A large number of state-owned capitalist enterprises were founded. Their profits were returned to the national treasury, and they financed dozens of major infrastructure projects. At one point, more than 240 state-owned corporations were providing so much money that Costa Rica was building infrastructure like mad and financing it largely with cash. Yet it still had the lowest taxes in the region, and it could still afford to spend 30% of its national income on health and education.
A provision of the Figueres constitution guaranteed a job to anyone who wanted one. At one point, 42% of the working population of Costa Rica was working for the government directly or in one of the state-owned corporations. Most of the rest of the economy not involved in the coffee trade was working for small mom-and-pop companies that were suppliers to the larger state-owned firms--and it was state banking, offering credit on favorable terms, that made the founding and growth of those small firms possible. Had they been forced to rely on private-sector banking, few of them would have been able to obtain the financing needed to become established and prosperous. State banking was key to the private sector growth. Lending policy was government policy and was designed to facilitate national development, not bankers' wallets. Virtually everything the country needed was locally produced. Toilets, window glass, cement, rebar, roofing materials, window and door joinery, wire and cable, all were made by state-owned capitalist enterprises, most of them quite profitable. Costa Rica was the dominant player regionally in most consumer products and was on the move internationally.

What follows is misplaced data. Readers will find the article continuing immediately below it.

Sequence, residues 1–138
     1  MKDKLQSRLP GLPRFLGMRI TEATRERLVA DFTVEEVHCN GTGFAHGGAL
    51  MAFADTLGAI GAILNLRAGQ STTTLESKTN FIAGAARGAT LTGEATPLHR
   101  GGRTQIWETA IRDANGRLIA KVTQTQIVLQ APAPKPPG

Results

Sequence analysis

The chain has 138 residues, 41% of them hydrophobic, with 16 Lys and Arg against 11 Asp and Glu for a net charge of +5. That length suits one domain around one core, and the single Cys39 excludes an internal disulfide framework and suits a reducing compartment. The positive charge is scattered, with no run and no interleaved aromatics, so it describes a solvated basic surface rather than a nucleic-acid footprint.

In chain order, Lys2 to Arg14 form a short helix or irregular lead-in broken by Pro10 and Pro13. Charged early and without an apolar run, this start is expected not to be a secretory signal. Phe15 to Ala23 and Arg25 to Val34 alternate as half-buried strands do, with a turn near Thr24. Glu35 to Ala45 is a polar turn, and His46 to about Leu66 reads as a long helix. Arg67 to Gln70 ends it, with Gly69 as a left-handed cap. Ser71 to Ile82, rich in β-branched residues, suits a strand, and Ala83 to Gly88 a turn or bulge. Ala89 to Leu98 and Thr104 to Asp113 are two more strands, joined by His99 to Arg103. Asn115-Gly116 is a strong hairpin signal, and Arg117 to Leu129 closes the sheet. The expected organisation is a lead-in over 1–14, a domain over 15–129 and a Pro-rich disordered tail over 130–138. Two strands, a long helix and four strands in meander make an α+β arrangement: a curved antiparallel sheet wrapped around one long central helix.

Needless to say, this good example did not sit well with foreign business interests. It earned Figueres two coup attempts and one attempted assassination. He responded by abolishing the military (except for the Coast Guard), leaving even more revenues for social services and infrastructure.
When attempted coups and assassination failed, says Bidstrup, Costa Rica was brought down with a form of economic warfare called the "currency crisis" of 1982. Over just a few months, the cost of financing its external debt went from 3% to extremely high variable rates (27% at one point). As a result, along with every other Latin American country, Costa Rica was facing default. Bidstrup writes: